Prognosis of graft failure patients is dismal, and another transplant is the sole option for long-term survival. Currently, there is no consensus concerning the best option for treating patients undergoing primary graft failure and finding a new donor within an acceptable delay is challenging. In the last years, haploidentical transplants with post-transplant cyclophosphamide (PT-Cy) have shown acceptable results in the treatment of many hematological diseases, including some cases of graft failure.

To address the interest of haploidentical transplants as a salvage option in this context, we retrospectively collected and analyzed data from 26 primary graft failure (PGF) patients transplanted between 2011 and 2017 in 15 centers belonging to the Francophone Society for Bone Marrow Transplantation and Cellular Therapy (SFGM-TC). Inclusion criteria were the occurrence of PGF defined as non-achievement of a minimum absolute neutrophil count of 500/μL without evidence of disease relapse at D+28 after transplantation and the use of a haploidentical transplantation with PT-Cy as graft-versus-host-disease (GvHD) prophylaxis.

Continuous variables are presented as medians and inter-quartile range. They were compared between groups using the Wilcoxon rank sum. Categorical variables are presented with counts and percentages and were compared using the Fisher exact test. All tests were 2-sided, and a p-value below 0.05 was considered to be significant. Analyses were performed using the R statistical platform (version 3.4.1). This study was performed according to the Declaration of Helsinki and was approved by the SFGM-TC scientific council.

Nineteen patients had a diagnosis of myeloid malignancy (8 acute myeloid leukemias, 4 myelodysplastic syndromes, 4 myeloproliferative neoplasms, 1 unclassified myeloid disorder), 3 had a lymphoid neoplasm, and 4 had a bone marrow failure syndrome (2 acquired and 2 congenital). Twenty-four patients had previously received an allogeneic transplantation, and 2 had already failed two previous allogeneic transplants. Male/female ratio was 2.25. Median age at haploidentical transplant was 42 years (2-58). Fifteen patients received peripheral blood as stem cell source, and 11 received bone marrow. Eleven transplants were female to male. Twelve patients received an ABO-matched graft, 6 had a major ABO-incompatibility, 7 a minor incompatibility and one missing data. The median number of infused CD34+ cells was 5.2 x106/kg (1.2 - 12.5). There was no ex-vivomanipulation of cells. CMV matching was available for 22 transplantations, of which 6 were high-risk (seropositive recipient with a seronegative donor).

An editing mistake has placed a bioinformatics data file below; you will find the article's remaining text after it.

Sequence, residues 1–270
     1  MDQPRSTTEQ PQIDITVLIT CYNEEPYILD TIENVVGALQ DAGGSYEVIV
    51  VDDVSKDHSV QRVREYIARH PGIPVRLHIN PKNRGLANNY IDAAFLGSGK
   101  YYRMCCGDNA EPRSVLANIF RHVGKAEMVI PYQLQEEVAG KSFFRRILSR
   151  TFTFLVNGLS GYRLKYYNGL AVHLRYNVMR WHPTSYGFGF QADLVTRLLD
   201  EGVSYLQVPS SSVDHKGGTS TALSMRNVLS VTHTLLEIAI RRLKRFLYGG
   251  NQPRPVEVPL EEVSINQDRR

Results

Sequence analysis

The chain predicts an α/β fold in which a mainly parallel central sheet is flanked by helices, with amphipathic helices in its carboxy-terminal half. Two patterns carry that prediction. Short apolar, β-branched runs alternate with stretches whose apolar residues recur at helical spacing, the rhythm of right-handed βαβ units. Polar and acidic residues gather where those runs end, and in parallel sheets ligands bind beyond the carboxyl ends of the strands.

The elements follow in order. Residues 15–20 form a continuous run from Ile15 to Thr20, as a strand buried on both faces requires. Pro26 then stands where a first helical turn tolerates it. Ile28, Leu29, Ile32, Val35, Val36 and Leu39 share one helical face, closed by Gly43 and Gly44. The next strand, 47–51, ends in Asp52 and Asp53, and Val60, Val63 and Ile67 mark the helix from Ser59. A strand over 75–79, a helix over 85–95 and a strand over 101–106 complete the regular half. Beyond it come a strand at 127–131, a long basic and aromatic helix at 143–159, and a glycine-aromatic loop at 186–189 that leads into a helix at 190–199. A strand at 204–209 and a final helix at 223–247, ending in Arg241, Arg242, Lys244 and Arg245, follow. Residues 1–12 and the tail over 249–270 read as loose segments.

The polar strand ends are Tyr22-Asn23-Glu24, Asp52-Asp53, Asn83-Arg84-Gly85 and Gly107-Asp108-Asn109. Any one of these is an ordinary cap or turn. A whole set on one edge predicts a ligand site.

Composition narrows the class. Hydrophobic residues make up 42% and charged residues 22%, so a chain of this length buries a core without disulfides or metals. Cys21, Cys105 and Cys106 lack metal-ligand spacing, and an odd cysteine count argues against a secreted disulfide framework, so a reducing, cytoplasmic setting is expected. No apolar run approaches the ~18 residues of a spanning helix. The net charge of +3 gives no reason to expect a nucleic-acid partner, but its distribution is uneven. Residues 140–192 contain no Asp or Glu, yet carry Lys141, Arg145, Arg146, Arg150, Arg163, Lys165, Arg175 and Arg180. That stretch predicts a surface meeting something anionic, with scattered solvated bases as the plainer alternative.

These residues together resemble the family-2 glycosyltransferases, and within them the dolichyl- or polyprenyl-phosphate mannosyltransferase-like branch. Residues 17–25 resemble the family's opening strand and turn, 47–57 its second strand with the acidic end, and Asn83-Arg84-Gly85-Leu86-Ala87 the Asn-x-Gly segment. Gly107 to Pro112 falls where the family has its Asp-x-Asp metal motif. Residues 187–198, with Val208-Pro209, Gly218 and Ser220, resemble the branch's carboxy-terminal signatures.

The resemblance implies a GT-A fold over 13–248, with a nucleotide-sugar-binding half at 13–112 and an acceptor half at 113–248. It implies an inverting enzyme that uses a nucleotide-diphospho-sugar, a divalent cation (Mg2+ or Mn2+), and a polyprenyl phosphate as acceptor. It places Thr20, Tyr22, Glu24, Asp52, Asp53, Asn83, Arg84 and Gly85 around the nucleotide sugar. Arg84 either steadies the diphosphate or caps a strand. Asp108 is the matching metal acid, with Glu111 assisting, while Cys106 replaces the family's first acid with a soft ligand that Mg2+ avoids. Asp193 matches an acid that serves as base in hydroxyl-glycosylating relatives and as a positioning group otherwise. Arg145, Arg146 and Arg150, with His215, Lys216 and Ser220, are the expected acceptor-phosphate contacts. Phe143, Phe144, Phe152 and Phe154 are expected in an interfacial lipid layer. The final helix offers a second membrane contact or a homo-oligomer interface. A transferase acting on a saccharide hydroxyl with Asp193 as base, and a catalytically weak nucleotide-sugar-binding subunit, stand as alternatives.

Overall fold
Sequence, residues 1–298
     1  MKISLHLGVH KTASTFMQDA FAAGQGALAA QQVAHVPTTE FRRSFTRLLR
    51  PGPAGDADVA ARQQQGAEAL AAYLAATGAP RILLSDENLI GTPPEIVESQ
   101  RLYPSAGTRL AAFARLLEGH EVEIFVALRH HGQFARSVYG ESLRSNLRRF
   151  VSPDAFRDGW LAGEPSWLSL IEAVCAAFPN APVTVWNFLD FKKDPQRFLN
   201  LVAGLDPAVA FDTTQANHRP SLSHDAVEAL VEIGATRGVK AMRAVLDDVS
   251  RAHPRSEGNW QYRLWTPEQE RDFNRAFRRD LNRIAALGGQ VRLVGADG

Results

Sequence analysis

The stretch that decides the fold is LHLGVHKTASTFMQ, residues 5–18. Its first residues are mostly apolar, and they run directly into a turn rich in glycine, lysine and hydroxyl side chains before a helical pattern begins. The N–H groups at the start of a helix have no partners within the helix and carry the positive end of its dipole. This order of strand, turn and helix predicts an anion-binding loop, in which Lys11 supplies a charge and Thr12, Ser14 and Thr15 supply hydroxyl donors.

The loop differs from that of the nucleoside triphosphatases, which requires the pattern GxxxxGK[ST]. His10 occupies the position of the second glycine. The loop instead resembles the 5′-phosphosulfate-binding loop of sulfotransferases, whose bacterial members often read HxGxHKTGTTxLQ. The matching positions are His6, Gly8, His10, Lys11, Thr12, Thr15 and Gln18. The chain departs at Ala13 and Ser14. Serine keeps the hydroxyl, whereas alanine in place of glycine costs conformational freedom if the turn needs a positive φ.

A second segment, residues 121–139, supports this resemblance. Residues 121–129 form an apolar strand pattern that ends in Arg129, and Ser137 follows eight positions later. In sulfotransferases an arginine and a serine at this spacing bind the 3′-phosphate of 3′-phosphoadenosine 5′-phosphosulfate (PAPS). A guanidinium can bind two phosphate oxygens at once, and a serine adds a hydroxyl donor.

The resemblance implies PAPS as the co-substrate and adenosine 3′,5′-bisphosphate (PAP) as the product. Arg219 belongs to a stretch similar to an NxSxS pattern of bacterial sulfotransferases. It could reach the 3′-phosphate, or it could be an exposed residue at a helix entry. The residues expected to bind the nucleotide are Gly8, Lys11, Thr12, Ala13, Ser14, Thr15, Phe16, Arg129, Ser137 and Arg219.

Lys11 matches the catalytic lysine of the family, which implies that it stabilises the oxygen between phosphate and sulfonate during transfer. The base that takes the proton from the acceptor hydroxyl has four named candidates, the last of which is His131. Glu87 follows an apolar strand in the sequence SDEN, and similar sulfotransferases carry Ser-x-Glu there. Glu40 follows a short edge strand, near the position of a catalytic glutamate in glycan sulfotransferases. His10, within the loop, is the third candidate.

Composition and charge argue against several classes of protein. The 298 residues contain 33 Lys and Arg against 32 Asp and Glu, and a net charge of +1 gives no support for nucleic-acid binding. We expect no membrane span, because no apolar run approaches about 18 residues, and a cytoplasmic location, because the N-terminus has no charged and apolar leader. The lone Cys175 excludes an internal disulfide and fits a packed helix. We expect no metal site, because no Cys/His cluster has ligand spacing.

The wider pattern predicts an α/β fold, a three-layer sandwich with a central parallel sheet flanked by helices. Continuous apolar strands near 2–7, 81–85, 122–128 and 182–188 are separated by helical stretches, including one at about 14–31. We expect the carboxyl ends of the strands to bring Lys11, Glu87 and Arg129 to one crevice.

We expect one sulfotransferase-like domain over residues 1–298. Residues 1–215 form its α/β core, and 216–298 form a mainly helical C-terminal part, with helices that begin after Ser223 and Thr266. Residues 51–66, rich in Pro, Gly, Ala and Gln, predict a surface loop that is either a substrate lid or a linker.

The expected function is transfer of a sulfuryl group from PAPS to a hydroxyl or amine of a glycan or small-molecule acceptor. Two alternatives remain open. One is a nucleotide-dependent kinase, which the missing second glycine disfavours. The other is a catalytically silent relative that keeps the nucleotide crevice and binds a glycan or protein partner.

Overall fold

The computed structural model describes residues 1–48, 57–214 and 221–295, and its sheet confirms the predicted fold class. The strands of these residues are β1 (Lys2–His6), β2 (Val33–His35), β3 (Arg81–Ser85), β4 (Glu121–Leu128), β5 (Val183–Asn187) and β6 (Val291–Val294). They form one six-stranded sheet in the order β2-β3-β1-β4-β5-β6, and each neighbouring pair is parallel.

Fludarabine-based reduced intensity conditioning was used in all but one patient who received clofarabine + 4Gy TBI. Twenty patients received TBI 2Gy. Three patients received ATG. Fourteen patients received the Baltimore regimen (53%). The median delay between the previous and the salvage transplantation was 77 days (39-1161).

All patients received PT-Cy associated with cyclosporine, and 24 patients also received MMF for GvHD prophylaxis.

Median follow up was 487 (16-2010) days. The cumulative incidence (CI) of neutrophil recovery at day 30 was 81%, and the median time to neutrophil engraftment was 19 (13-34) days. Four patients (15%) presented primary graft failure and died within a median time of 5 (3-8) weeks after transplantation of infectious complications.

Cumulative incidence of grade II-IV aGvHD at day-100 was 13%, and 1-year CI of cGvHD was 32%. One-year CI of relapse was 16%. Overall survival was 58% at 1 year (Figure 1; confidence interval: 39-85). Among the 22 patients who engrafted, 6 patients died. HSCT complications accounted for 80% of the causes of deaths (4 multiorgan failure, 1 GvHD, 1 interstitial pneumonitis, 1 bacterial infection, 1 post-transplant lymphoproliferative disorder).

To the best of our knowledge, this is the first cohort describing the outcomes of haploidentical transplants with PT-Cy rescuing patients with primary graft failure.

Our cohort presents promising outcomes in a particularly challenging situation, suggesting that haploidentical transplants with PT-Cy might appear as a valid salvage strategy for patients with PGF. Prospective well-designed trials are urgently needed before the inclusion of Haplo-PT-Cy in the treatment strategy of patients with PGF.

Disclosures

Mohty:MaaT Pharma: Consultancy, Honoraria. Peffault De Latour:Pfizer Inc.: Consultancy, Honoraria, Research Funding; Alexion Pharmaceuticals, Inc.: Consultancy, Honoraria, Research Funding; Amgen Inc.: Research Funding; Novartis: Consultancy, Honoraria, Research Funding.

Author notes

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Asterisk with author names denotes non-ASH members.